Constant Improvements

Use the leading spaced repetition program, Anki, to study on the bus, waiting in line, or at your computer.

Save Time

The deck is constantly updated. Be sure to purchase here to receive the most up-to-date version!

That's exactly how I felt when I began my journey with Anki. I knew deep down that spaced repetition could either bury me in a mound of mindless memorization or lead me to unfathomable recall and applications. I didn't have the benefit of a well-made, pre-made set of pathogenesis to presentation and basic cards, and had no idea of how many facts I would comfortably put on an Anki card. Over time, I learned through trial-and-error what made for a "good" card, and which ones were wasting my time. You can read more about those tips here. In my work as a USMLE tutor, where even students with less than 2 months before their exam have successfully integrated Anki into their studies, you can dramatically improve your learning curve and supercharge your ability to make connections with the well-made templates found in the Yousmle.com Anki decks.

While it is true that the Step 1 deck has high yield pharmacology concepts in it, its focus is not trying to provide information on all of the drugs you might find on your USMLE exams.  The Yousmle.com Pharmacology Deck is focused entirely on teaching you all of the most important Step 1 drugs, including the mechanism, use, and most important adverse effects, in the most efficient way possible.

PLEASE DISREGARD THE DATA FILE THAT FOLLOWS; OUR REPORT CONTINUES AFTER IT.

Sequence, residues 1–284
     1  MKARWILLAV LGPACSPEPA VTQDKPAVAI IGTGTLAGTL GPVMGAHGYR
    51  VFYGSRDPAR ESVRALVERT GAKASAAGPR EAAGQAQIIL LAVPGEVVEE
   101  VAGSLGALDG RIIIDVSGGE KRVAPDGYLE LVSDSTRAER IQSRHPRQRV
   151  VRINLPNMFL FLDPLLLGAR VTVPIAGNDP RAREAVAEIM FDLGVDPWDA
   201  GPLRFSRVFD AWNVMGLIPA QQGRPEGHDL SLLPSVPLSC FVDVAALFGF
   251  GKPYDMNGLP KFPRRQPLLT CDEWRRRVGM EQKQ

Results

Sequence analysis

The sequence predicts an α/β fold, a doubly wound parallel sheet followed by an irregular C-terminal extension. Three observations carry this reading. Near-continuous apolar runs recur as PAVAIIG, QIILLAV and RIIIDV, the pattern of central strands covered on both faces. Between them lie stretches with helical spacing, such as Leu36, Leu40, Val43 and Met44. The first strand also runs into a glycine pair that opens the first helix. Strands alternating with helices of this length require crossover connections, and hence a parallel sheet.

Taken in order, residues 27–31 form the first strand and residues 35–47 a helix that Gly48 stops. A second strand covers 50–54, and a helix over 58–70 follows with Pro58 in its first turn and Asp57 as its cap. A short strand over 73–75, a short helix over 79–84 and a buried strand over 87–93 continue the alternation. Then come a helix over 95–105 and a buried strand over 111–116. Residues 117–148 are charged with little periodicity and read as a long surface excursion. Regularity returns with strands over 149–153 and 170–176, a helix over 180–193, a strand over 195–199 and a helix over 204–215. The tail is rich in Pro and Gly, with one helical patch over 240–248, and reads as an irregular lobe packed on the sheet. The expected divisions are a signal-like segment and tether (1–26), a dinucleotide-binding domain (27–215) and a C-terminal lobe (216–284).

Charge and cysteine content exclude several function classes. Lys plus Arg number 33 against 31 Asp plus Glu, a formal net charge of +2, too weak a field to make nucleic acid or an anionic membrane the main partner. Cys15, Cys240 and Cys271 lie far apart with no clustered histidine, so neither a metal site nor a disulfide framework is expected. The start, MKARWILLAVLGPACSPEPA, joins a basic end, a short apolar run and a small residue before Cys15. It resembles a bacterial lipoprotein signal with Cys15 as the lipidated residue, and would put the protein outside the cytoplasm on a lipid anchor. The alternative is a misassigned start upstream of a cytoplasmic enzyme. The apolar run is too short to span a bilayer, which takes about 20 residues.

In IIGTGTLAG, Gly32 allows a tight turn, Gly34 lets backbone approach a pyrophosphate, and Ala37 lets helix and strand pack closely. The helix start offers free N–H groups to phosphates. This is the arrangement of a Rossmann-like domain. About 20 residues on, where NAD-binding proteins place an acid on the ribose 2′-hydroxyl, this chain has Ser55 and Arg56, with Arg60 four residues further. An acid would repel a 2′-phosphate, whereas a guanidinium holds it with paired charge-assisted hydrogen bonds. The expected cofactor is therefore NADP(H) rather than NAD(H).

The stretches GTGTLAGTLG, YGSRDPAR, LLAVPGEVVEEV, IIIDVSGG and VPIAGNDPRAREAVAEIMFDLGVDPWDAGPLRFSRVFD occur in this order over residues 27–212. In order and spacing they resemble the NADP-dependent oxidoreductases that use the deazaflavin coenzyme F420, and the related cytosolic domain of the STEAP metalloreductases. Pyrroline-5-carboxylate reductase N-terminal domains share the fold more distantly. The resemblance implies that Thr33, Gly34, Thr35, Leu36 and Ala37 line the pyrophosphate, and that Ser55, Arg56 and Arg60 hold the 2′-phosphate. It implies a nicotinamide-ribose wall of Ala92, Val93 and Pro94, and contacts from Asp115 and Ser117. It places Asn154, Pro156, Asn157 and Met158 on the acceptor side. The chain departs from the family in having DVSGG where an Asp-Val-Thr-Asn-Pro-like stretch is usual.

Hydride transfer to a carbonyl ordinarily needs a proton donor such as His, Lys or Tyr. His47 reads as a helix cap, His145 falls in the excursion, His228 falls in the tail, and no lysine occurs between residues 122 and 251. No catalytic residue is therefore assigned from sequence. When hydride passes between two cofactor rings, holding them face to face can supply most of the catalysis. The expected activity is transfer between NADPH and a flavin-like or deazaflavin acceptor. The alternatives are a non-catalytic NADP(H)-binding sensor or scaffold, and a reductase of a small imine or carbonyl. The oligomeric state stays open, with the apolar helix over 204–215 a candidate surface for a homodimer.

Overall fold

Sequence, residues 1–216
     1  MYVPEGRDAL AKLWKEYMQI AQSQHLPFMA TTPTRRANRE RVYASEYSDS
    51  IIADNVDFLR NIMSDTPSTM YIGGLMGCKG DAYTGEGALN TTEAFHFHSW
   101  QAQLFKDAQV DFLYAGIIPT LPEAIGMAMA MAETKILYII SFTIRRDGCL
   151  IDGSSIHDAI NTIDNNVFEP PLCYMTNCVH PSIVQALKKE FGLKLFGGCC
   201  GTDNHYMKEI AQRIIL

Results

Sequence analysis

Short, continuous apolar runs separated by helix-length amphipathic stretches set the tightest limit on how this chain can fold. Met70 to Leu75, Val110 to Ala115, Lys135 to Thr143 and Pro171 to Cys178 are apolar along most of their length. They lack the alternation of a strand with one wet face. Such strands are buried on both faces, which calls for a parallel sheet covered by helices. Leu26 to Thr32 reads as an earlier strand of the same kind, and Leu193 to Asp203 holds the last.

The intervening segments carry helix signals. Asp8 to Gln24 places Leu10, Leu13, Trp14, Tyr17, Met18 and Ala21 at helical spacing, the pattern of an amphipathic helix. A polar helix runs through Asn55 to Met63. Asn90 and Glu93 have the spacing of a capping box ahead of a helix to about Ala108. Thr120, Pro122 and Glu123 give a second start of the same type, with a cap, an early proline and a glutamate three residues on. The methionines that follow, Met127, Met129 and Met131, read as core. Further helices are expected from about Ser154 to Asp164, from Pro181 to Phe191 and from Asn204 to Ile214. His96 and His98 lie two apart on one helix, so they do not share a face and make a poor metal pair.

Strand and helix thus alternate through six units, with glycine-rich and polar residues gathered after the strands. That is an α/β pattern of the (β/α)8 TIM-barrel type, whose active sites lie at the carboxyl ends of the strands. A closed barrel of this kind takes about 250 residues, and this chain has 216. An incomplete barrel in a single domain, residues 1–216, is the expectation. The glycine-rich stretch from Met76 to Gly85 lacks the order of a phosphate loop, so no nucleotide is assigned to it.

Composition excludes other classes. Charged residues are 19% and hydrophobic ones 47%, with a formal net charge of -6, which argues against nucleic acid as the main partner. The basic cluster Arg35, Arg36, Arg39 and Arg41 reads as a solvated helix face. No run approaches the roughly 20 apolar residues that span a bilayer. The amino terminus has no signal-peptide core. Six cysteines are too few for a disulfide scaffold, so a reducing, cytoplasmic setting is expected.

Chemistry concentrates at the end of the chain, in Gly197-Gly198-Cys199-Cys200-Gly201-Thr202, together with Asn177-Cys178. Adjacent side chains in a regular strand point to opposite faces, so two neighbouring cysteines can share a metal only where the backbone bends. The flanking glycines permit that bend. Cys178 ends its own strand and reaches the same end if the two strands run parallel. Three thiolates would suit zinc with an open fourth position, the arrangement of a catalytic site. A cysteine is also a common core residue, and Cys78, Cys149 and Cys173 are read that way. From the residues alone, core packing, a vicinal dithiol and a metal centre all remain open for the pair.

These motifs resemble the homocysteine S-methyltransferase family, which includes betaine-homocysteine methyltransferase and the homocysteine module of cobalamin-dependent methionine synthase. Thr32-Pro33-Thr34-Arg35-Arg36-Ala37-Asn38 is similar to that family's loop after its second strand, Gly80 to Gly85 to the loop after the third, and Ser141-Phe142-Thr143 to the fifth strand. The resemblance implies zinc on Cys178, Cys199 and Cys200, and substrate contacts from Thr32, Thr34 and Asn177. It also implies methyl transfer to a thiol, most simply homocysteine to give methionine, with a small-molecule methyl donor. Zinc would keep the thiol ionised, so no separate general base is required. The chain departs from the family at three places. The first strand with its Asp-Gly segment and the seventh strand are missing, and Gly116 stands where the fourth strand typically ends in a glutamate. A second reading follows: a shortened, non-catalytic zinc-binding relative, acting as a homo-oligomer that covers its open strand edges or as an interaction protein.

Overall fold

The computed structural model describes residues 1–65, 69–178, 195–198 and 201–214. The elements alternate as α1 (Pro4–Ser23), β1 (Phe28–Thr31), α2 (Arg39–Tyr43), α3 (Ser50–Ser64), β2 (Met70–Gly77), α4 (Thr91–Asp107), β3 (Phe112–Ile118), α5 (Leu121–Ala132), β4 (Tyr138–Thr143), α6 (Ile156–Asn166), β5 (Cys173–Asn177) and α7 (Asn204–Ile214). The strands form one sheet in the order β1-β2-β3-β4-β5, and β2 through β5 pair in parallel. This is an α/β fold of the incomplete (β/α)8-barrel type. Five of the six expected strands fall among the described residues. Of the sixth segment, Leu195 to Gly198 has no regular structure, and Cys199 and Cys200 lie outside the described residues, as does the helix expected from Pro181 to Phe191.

What is the best way to use this deck?

Unfortunately, given the nature of digital sales, all sales are final. To preview the deck, you can download sample cards here.

How many cards are in the deck?

We have you covered there, as well. While it's true that pathogenesis to presentation should form the basis of your approach to Step 1, it is also true that there are a number of high yield facts you need to know. This deck is constantly updated with the key facts you won't find in First Aid.

At the time of this writing, there were 1400+ cards in the deck.  I still tutor a great deal, and with every student, I help them craft expert, customized Anki cards to help them to integrate and apply their knowledge.  I use the best of these cards to constantly update the Anki deck, and will release updates in the future.